The Sorrows of Empire

Militarism, Secrecy, and the End of the Republic

By Chalmers Johnson
(Metropolitan Books, Hardcover, 9780805070040, 400pp.)

Publication Date: January 2004

Other Editions of This Title: Paperback, Audio Cassette, Compact Disc, Audio Cassette, Compact Disc, MP3 CD

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Description

From the author of the prophetic national bestseller Blowback, a startling look at militarism, American style, and its consequences abroad and at home

In the years after the Soviet Union imploded, the United States was described first as the globe’s “lone superpower,” then as a “reluctant sheriff,” next as the “indispensable nation,” and now, in the wake of 9/11, as a “New Rome.” Here, Chalmers Johnson thoroughly explores the new militarism that is transforming America and compelling its people to pick up the burden of empire.

Reminding us of the classic warnings against militarism—from George Washington’s farewell address to Dwight Eisenhower’s denunciation of the military-industrial complex—Johnson uncovers its roots deep in our past. Turning to the present, he maps America’s expanding empire of military bases and the vast web of services that supports them. He offers a vivid look at the new caste of professional warriors who have infiltrated multiple branches of government, who classify as “secret” everything they do, and for whom the manipulation of the military budget is of vital interest.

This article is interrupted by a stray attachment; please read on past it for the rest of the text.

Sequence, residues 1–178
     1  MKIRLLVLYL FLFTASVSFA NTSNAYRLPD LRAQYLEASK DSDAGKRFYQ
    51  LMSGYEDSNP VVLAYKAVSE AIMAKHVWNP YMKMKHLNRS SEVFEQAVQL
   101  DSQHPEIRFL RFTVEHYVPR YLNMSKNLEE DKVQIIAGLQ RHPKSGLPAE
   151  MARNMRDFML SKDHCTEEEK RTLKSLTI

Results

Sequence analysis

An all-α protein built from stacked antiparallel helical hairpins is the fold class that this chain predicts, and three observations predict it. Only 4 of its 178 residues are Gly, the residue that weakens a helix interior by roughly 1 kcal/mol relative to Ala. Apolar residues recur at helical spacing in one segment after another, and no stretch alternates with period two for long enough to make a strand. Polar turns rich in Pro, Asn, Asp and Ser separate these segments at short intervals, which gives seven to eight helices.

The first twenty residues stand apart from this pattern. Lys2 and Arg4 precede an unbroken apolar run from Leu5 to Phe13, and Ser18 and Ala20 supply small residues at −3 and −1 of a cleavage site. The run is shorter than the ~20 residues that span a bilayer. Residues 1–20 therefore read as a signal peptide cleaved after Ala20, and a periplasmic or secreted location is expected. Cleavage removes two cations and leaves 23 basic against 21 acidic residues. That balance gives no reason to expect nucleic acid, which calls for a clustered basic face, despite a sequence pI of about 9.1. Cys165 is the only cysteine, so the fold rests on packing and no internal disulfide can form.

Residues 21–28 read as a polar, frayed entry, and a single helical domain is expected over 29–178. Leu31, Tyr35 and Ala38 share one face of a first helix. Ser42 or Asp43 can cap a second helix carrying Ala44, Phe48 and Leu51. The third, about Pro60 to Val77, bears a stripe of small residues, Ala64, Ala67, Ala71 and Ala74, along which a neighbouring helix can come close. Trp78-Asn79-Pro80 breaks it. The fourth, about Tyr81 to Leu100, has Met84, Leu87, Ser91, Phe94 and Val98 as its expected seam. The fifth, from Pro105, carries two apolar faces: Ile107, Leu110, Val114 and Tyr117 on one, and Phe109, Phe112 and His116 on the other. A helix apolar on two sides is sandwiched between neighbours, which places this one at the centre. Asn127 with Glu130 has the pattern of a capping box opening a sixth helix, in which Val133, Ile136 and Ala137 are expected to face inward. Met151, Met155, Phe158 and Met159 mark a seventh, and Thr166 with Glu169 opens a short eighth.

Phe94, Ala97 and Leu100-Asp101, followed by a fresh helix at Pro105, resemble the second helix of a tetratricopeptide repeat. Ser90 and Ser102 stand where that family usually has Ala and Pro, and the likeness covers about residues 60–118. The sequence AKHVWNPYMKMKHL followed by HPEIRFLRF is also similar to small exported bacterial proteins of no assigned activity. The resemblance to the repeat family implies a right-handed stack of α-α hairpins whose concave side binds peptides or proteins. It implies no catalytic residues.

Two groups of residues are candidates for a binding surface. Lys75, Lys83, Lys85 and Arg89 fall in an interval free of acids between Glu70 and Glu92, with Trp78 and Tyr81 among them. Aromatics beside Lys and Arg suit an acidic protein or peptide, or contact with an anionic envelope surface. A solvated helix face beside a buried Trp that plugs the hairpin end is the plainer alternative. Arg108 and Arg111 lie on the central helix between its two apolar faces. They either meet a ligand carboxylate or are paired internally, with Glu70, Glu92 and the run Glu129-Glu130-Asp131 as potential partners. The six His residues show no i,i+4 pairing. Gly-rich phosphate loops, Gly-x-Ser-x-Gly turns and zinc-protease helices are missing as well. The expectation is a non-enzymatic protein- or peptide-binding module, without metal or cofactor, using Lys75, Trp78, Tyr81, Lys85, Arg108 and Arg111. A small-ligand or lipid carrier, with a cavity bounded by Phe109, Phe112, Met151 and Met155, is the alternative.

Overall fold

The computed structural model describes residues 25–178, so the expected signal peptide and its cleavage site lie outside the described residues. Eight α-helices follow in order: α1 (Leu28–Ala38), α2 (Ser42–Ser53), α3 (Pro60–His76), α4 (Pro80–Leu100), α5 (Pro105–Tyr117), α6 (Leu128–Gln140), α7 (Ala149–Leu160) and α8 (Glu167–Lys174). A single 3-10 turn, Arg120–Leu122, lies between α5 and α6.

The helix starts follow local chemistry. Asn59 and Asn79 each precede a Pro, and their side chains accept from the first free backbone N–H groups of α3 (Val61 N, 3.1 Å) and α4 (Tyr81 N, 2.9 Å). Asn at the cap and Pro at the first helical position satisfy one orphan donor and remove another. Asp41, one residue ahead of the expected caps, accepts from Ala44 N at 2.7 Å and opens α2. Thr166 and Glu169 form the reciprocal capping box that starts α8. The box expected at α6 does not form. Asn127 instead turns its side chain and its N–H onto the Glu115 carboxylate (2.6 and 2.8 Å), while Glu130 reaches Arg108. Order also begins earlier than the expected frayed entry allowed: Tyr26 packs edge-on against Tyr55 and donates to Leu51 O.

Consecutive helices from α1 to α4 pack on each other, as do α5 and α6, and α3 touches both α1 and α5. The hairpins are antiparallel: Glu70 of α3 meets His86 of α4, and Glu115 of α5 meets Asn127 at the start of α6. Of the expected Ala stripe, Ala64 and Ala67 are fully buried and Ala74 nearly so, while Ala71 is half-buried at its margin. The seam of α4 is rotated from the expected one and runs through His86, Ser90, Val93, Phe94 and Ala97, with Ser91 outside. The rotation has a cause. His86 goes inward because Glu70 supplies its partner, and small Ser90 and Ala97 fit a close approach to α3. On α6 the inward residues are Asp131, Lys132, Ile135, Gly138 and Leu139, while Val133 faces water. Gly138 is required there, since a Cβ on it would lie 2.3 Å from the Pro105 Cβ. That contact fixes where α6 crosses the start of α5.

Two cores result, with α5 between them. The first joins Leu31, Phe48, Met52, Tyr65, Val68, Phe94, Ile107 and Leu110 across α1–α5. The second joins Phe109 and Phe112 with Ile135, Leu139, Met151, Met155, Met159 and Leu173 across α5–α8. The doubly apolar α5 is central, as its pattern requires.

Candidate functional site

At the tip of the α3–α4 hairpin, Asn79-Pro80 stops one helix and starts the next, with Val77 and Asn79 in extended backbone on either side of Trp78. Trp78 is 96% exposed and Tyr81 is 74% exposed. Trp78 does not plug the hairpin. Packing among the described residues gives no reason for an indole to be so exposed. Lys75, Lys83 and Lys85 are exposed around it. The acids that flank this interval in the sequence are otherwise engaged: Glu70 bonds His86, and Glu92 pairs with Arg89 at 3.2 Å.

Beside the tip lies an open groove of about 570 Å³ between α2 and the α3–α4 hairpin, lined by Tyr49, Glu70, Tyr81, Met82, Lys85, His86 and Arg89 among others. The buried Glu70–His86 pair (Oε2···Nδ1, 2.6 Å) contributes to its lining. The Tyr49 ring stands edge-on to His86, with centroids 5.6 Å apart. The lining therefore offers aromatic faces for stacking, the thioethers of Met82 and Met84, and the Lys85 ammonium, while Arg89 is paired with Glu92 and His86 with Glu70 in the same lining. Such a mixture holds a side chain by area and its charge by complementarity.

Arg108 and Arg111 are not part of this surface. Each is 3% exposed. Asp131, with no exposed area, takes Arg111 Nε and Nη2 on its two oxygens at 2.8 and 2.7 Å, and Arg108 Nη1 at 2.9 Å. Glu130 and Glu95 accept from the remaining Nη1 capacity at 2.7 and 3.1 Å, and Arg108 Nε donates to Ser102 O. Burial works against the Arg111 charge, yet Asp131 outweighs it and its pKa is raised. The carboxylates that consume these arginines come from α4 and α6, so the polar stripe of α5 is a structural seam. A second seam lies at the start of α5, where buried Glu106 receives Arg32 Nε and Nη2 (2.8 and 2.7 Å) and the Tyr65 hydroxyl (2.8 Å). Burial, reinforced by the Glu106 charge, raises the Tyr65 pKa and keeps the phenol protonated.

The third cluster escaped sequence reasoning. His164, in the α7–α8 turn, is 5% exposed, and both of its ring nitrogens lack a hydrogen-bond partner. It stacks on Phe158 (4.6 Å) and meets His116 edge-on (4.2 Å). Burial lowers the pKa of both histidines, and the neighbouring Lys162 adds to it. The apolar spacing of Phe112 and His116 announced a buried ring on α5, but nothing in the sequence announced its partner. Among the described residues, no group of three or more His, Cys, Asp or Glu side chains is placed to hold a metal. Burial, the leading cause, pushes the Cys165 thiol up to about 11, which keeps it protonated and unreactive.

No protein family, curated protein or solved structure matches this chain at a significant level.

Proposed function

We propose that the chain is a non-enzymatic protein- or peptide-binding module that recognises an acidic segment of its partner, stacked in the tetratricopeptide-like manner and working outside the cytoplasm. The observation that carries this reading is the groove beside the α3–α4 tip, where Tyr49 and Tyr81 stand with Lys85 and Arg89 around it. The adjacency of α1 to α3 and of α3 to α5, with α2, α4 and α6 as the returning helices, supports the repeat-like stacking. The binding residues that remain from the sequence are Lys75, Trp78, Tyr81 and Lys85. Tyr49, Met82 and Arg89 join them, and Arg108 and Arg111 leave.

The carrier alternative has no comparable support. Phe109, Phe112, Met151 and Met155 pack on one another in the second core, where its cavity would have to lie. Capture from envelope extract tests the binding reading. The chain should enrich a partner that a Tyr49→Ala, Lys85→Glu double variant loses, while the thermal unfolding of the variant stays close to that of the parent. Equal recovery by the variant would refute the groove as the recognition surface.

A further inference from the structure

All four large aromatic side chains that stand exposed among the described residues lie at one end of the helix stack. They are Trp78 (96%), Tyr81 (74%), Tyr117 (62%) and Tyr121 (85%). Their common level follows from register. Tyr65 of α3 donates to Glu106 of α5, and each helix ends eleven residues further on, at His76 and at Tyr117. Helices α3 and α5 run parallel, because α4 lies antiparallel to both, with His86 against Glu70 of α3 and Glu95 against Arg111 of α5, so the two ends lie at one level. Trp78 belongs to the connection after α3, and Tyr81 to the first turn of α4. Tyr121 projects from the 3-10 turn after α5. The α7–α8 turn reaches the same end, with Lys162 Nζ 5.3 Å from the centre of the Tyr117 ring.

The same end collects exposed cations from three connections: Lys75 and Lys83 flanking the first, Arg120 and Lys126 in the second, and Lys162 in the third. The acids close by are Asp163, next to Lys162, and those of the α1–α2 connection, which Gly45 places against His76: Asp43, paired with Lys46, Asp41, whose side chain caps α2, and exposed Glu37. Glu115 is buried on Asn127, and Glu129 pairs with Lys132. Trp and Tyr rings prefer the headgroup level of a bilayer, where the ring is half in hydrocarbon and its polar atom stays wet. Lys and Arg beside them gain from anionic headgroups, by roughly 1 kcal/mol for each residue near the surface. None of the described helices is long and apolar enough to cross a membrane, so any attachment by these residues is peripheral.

Among Johnson’s provocative conclusions is that American militarism is putting an end to the age of globalization and bankrupting the United States, even as it creates the conditions for a new century of virulent blowback. The Sorrows of Empire suggests that the former American republic has already crossed its Rubicon—with the Pentagon leading the way.




About the Author

Chalmers Johnson, president of the Japan Policy Research Institute and professor emeritus at the University of California, San Diego, is a frequent contributor to the Los Angeles Times and The Nation. His previous books include MITI and the Japanese Miracle. He lives in Southern California.




Praise For The Sorrows of Empire

"Chilling . . . a frightening picture . . . of the spread of American military and economic control over the world." -The New York Times Book Review

"Original and genuinely important . . . The role of the prophet is an honorable one. In Chalmers Johnson the American empire has found its Jeremiah. He deserves to be heard."
-The Washington Post Book World

"Trenchantly argued, comprehensively documented, grimly
eloquent . . . Worthy of the republic it seeks to defend."
-The Boston Globe

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